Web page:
Why this Blog?

Why this Blog?

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I wanted to create a new cultural vocabulary around food that would draw on our best yearnings to make the politics of food work for everybody not just a few.  I don’t have much to say about flavor profiles, buzz words, textures or references to the sensations food causes in my mouth.  I don’t come from connoisseurs, I come from survivors and people who have never been able to sit still long enough to assess anything beyond the joy that food can give them or the pain it can assuage.

I was challenged early on when I started www.Afroculinaria.com to not focus so much on the people and their stories, and my story and to instead give up the secrets of soul—to open up our collective chest and let people play with our heart—and I couldn’t do it.  I didn’t want to smile when I needed to cry and I didn’t want to cry when all I wanted to do was smile. I wanted my emotions to be in sync with my spirit.  I knew that couldn’t happen if I did what everybody else was doing.

At some point I realized that there was passion and there was obsession and then there was the need to speak to the needs that everyday people had when it came to food.  There are starving foodies.  There are people whose food cultures are gold but they aren’t collecting the interest on the cultural capital of what their Ancestors have brought to the fore.  There are people who are not content to see their neighbors lack and there are people for whom they need more from their food than just temporary satisfaction—they need it to be a vehicle—an emotional, intellectual, cultural, spiritual vehicle—and they want more connection when they come to the table.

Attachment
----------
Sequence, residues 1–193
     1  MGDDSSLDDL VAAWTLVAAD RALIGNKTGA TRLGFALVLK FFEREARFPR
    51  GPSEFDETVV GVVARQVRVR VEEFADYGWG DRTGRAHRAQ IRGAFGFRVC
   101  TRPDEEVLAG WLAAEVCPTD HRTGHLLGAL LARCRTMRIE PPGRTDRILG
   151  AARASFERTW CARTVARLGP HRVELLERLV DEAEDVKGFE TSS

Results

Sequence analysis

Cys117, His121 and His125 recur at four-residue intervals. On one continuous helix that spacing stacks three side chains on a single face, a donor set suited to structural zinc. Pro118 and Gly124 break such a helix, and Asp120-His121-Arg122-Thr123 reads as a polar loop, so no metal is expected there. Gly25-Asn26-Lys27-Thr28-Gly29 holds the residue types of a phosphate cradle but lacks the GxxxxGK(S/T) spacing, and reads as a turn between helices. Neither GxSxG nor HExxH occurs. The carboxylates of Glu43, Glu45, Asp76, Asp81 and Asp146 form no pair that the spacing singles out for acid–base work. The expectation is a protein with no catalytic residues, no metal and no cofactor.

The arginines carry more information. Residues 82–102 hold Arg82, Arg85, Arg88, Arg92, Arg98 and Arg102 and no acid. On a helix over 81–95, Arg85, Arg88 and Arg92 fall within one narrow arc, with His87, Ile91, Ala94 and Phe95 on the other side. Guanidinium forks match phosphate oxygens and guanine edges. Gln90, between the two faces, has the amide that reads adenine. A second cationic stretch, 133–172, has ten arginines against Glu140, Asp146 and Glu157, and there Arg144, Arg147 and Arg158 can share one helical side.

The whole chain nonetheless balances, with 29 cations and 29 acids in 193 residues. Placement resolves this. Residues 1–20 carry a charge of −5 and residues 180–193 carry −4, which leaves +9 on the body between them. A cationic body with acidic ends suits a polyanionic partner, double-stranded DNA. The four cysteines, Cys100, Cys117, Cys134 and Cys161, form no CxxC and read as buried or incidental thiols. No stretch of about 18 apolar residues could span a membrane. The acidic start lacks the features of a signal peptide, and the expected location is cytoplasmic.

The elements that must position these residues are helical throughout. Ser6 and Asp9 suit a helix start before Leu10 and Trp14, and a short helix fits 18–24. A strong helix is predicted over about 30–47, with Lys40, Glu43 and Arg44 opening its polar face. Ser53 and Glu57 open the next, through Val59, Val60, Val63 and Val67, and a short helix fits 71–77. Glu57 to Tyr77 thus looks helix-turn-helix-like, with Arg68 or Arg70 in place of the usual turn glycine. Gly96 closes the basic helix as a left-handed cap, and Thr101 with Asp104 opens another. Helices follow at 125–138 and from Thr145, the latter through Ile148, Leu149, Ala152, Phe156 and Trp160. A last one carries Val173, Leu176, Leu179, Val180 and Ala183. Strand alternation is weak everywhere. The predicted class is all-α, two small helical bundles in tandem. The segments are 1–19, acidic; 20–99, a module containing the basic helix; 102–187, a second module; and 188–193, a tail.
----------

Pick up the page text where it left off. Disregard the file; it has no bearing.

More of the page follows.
I really do believe in the idea of a “cooking gene,” it is of course not the “gene” of biological predestination, but gene in its earliest sense—a word fraught with connotations of genealogy, descent, heritage and pedigree-something you can grasp—if you seek it with all you’ve got.  Your full self needs to be at stake.  I don’t think that cooking genes are black or white—I think they are neutral.  I think they are colored with and full of potential for us to learn from each other and grow beyond our bubbles, boxes and boundaries that we put up because the thought of putting up our grievances scares us more than the consequences of connection.

I want people to know that Afroculinaria is not just Black, its many colors.  It is however, unashamedly based in the idea that people of African descent have a unique and undeniably important story to tell the rest of the human family about food—and we love this race that our most ancient mothers gave birth to—and love the planet we share with our cousins across haplogroups and phenotypes, ethnic groups and languages.  There is a place for the “Universal,” in us, a center, a wellspring, a mirror for the humanity of all.  I say with great pride it is not my goal to end that celebration here but make you, my reader, a participant, a fellow devotee of the idea that the story of our gifts and the revelations we have to share have only just begun.